Feed Bites

Investing in Our People in Times of Crisis

Written by: Constance Cullman   |   December 2, 2020

Coronavirus, Member value, Worker safety

This fall, I had the opportunity to sit in on several virtual roundtables with many American Feed Industry Association members talking about how they dealt with COVID-19 in their businesses and operations. I was proud to hear every participant start by saying the health and safety of their staff, customers and suppliers was, and remains, their primary focus.

The roundtable participants provided ideas and feedback in so many areas, but overall, five key themes emerged:

  • Employee safety is paramount;
  • Clear, often and timely communication is critical;
  • Investing in the essential workforce now means on- and off-the-clock;
  • Companies can develop creative solutions to achieve work-life balance; and
  • Making it through the pandemic requires collaboration with stakeholders.

As I write this blog, a number of states are reporting increased COVID-19 cases, so we know the virus is not done with us, and the steps we take now have the ability to continue to save lives. While we may see the light at the end of the tunnel with three vaccines showing promising results, we are preparing for several more months of pandemic-induced challenges as we plan for 2021.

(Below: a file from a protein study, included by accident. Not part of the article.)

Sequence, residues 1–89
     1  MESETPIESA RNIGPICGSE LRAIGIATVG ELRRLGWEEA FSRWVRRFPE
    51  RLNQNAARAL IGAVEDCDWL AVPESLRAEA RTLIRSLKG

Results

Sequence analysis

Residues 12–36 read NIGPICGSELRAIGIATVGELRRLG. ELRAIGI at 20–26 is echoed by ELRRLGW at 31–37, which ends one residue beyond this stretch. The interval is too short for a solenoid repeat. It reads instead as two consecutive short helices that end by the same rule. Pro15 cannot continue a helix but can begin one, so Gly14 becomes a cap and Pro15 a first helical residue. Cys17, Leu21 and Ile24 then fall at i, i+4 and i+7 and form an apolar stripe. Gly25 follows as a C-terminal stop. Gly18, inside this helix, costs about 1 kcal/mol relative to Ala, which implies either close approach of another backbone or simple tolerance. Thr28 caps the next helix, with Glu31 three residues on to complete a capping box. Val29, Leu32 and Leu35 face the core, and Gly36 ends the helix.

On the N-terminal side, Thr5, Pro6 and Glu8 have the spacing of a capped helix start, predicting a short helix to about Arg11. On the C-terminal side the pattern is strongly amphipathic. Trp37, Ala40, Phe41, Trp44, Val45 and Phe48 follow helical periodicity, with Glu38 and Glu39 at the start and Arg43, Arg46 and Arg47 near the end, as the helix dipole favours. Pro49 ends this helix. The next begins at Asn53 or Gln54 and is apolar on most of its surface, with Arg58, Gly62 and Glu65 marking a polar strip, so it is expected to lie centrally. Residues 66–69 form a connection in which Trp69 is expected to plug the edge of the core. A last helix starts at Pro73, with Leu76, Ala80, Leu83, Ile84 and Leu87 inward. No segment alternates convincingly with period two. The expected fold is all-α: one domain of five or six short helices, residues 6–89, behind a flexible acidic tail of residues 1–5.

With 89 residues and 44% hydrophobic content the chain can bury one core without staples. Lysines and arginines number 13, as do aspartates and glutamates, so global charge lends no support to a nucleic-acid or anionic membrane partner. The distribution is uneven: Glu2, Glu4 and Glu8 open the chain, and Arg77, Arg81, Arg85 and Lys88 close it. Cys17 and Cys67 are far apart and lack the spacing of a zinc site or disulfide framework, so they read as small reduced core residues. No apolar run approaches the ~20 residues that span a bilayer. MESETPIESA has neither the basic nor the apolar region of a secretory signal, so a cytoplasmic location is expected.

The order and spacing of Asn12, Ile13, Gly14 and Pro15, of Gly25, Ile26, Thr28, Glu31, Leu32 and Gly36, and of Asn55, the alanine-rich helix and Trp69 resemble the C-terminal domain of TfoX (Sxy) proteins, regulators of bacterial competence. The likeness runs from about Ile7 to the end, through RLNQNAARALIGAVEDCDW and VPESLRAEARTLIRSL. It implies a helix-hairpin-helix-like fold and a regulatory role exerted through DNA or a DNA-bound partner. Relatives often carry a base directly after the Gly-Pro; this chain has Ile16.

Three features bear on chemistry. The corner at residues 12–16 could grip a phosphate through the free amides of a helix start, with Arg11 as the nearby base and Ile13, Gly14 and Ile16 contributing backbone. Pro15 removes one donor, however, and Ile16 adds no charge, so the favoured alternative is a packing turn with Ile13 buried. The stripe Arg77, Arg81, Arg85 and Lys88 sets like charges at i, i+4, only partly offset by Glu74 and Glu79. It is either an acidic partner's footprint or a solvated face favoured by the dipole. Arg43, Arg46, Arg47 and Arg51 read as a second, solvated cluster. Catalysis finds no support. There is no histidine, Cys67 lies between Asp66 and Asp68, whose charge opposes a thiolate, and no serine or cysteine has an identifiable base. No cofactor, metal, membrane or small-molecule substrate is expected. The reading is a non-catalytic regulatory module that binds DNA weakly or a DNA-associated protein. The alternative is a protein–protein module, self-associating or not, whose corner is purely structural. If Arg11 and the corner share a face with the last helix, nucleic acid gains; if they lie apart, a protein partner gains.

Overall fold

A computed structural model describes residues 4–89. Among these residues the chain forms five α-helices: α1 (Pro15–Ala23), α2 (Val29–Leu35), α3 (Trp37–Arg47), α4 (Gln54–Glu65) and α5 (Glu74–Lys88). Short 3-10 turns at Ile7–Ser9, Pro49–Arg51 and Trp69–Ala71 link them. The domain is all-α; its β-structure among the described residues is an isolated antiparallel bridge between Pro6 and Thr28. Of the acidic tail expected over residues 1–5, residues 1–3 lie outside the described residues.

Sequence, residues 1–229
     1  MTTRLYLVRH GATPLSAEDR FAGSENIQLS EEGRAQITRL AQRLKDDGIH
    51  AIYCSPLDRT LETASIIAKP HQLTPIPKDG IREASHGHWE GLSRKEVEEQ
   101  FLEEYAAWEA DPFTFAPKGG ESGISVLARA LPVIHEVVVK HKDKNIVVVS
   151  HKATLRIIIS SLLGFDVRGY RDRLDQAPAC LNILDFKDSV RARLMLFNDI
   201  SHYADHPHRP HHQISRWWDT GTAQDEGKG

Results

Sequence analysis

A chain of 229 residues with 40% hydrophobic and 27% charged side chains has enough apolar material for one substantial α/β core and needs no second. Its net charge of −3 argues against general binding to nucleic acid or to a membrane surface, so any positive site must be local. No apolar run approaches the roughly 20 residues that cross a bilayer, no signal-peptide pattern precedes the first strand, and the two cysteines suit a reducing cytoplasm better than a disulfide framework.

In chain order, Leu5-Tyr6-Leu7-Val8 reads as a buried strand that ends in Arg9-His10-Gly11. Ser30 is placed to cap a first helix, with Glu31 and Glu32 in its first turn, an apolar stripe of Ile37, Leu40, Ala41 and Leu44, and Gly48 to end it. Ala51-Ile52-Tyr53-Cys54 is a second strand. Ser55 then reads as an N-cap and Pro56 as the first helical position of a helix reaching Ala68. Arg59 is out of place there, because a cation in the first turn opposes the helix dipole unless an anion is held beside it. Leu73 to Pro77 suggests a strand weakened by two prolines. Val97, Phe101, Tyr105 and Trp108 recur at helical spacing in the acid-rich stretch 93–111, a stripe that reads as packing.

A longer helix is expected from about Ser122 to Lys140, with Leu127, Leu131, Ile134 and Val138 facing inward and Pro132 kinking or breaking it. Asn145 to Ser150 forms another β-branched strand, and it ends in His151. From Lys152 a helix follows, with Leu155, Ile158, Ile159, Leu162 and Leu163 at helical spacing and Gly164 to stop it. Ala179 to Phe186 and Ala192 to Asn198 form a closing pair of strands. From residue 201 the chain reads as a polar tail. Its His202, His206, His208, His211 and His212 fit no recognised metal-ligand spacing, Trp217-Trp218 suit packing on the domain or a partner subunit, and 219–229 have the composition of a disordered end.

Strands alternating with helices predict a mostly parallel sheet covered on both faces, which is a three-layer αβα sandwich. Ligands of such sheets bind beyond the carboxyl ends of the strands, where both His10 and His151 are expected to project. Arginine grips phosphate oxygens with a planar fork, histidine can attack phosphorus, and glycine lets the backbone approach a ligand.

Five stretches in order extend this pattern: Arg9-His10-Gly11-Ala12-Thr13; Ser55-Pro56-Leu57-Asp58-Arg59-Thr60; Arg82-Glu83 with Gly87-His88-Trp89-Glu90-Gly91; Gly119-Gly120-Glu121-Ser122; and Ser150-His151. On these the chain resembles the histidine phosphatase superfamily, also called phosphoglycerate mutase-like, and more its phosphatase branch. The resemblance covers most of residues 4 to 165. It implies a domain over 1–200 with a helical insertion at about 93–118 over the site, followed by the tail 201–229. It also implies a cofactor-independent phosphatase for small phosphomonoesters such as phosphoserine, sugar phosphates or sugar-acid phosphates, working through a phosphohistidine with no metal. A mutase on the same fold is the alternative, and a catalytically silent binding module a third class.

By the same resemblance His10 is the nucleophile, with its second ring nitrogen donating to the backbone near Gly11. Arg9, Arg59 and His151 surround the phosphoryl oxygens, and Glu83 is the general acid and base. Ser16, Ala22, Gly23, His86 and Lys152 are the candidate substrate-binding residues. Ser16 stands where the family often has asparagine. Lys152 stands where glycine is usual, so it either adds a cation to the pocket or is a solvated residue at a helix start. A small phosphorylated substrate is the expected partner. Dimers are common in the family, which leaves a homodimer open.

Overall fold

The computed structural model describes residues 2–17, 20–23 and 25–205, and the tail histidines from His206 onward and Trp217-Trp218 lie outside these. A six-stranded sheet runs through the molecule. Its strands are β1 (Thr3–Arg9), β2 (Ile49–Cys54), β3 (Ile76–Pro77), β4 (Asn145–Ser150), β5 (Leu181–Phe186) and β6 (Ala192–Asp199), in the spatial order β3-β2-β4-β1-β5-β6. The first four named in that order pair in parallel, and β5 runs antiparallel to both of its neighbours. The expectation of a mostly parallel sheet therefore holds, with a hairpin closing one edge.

With our member input, we now have a baseline for understanding where the industry has been since the virus began its spread in the United States and where it is headed. These roundtable discussions also shed light on several questions with which our members are grappling. For example:

  • How can we get better access to testing in rural America?
  • Should companies invest in permanent, rather than temporary, solutions to mitigate the risks of COVID-19?
  • What biosecurity measures and technologies currently being implemented for COVID-19 will become the “new norm”?
  • How will the economy and consumer demand (for meat, milk and eggs) impact the industry’s future outlook?
  • How will certain functions traditionally performed in-person (e.g. inspections, sales, industry conferences and training) adapt in the future?

Though companies are proactively addressing the pandemic in various ways based on their unique situations, the American Feed Industry Association will use the input received to advocate for policies in 2021 that will advance the industry.

I invite our AFIA members to view a copy of the report on our member website. For non-members, please contact Sarah Novak, for information on how to join.




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